Peak China? That’s the question raised in the latest edition of the Economist. Rathbones head of asset allocation Oliver Jones summarises why we think the days of super-charged Chinese growth are over.
China’s economy was expected to rebound strongly this year, following the scrapping of zero-COVID restrictions and more supportive monetary policy. But we’d been saying that the bounce would probably be short-lived, and a longer-term decline in the speed limit on China’s trend rate of economic growth looked set to resume.
Right on cue following the Economist’s provocative “Peak China?” headline in early May, the latest data on Chinese production, retail sales and investment all disappointed expectations.
It remains to be seen whether these latest figures are just a blip, or signal the denouement of China’s post-COVID bounce. Either way, our analysis of what’s reflected in market pricing suggests that investors may not have fully accounted for China’s diminished longer-term growth prospects.
Not so long ago it was thought inevitable that China would soon surpass the US to become the world’s largest economy, and few would’ve questioned the notion. Many still see China as a place to invest for superior profit growth opportunities in comparison to the major developed markets. Yet we are already about 15 years into a structural slowdown in China’s economy, and the longer-term challenges facing China haven’t changed.
Over the coming decade, we believe the average growth of China’s economy is likely to be much closer to that of advanced economies than the rapid rates it experienced in the 2000s and much of the 2010s. After peaking in 2007, growth in China decelerated steadily through the 2010s, coinciding with a generally underwhelming period for China’s equity markets, despite strong showings from a few tech firms.
Economists think of the long-term output of an economy as a function of the supply of labour, the supply of capital, and productivity (how efficiently labour and capital are deployed). All three of these ‘pillars’ face long-term headwinds in China.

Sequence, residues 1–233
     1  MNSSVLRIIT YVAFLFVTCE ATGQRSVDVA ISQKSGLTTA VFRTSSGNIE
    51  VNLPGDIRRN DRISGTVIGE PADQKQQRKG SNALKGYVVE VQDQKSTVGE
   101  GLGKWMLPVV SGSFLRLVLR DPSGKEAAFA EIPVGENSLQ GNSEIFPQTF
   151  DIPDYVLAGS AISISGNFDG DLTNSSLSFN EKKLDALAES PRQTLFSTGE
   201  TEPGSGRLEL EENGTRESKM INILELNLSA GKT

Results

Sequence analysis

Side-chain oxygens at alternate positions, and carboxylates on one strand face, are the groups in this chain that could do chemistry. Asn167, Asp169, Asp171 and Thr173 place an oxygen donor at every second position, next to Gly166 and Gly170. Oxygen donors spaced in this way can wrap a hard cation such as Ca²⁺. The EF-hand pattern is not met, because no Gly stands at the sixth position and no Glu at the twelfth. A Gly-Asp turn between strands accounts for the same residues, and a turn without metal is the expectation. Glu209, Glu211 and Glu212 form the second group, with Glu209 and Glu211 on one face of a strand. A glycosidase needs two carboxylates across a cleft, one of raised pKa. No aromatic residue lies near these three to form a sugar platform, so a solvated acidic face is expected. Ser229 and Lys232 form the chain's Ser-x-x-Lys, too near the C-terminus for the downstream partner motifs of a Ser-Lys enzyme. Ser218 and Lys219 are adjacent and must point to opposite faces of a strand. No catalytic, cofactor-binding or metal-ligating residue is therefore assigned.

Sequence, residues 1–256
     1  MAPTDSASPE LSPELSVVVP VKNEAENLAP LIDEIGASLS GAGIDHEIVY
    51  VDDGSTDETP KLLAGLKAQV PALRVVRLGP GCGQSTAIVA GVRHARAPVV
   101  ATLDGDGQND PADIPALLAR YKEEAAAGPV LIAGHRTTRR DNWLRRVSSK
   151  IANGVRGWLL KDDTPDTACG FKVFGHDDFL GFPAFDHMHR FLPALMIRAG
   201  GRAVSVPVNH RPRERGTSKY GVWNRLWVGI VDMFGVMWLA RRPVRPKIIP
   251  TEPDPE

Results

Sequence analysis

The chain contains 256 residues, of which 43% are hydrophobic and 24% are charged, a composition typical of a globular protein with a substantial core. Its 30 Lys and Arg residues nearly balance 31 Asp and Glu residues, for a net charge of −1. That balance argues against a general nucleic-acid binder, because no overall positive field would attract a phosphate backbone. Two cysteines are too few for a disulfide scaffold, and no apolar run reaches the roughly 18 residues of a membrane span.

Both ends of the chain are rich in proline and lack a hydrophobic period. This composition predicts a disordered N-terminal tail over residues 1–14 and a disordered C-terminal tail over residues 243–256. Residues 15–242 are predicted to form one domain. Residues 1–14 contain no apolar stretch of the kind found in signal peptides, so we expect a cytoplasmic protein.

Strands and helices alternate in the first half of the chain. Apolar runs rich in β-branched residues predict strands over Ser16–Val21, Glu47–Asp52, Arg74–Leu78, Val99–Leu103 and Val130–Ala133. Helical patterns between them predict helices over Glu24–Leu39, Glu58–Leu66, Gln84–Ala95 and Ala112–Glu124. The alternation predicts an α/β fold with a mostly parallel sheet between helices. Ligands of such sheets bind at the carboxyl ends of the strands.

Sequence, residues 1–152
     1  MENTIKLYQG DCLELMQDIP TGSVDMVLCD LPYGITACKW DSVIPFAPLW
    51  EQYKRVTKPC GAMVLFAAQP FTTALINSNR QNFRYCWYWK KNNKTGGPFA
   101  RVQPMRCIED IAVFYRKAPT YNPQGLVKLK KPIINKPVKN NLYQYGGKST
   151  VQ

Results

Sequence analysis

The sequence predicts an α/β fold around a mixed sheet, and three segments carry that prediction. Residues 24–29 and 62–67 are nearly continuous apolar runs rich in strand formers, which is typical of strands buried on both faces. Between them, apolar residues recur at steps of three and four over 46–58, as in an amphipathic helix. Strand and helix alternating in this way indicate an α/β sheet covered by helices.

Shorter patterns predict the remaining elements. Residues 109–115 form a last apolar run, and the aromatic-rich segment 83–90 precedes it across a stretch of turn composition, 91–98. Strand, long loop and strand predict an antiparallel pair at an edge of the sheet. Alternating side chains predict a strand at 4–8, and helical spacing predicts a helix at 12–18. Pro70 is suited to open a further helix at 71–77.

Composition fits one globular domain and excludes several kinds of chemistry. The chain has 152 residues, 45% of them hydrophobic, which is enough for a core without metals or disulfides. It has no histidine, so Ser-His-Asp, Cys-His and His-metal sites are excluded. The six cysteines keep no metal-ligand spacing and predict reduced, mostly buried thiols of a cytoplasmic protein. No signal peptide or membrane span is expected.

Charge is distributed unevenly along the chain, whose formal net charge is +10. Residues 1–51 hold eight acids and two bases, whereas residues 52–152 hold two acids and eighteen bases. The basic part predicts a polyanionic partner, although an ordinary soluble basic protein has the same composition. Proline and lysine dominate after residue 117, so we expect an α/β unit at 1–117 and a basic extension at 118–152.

1. Swimming against the demographic tide. China’s working-age population rose rapidly during its golden age of growth in the 2000s, but broadly stagnated in the 2010s and is now starting to decline. A key reason that it is likely to contract more quickly as the decade goes on is a prior drop in fertility/birth rates.
2. Capital: the limitations of China’s investment-led model. During the 2000s and 2010s China grew its capital stock at a breakneck pace, with few parallels in history. Yet there are clear reasons to doubt that this will continue. Such capital formation included housebuilding, which grew rapidly amid a then-growing and rapidly urbanising population. But this demand has been slowing since pandemic and there’s already plenty of supply from previous overbuilding. Another key element — infrastructure building on a massive scale – is also likely to be slower in future. China now has good infrastructure, and the biggest one-off projects like road and high-speed rail networks don’t need to be built twice.
3. Productivity: more state control, more decoupling from the West. Since 2000, China has grown from a low- to an upper-middle-income economy. History shows the next step, breaking out of the middle-income bracket to become a rich country on a per head basis, is hard. To do so, China will need to deliver consistent productivity growth. One factor that may stand in the way is the role of the state in the economy. The success of state-led development has been the exception rather than the rule, and depended on some key factors not present in China today. Another is the increasingly hostile external trade and investment environment, with the US committed to a tough line on China.
Lastly, regardless of China’s long-run economic prospects, growing legal and practical hurdles may make buying Chinese equities increasingly unappealing for foreign investors.
You can read more about these headwinds, and why we believe investors should be wary of chasing the recent rally in Chinese assets, in our full report, China past its peak.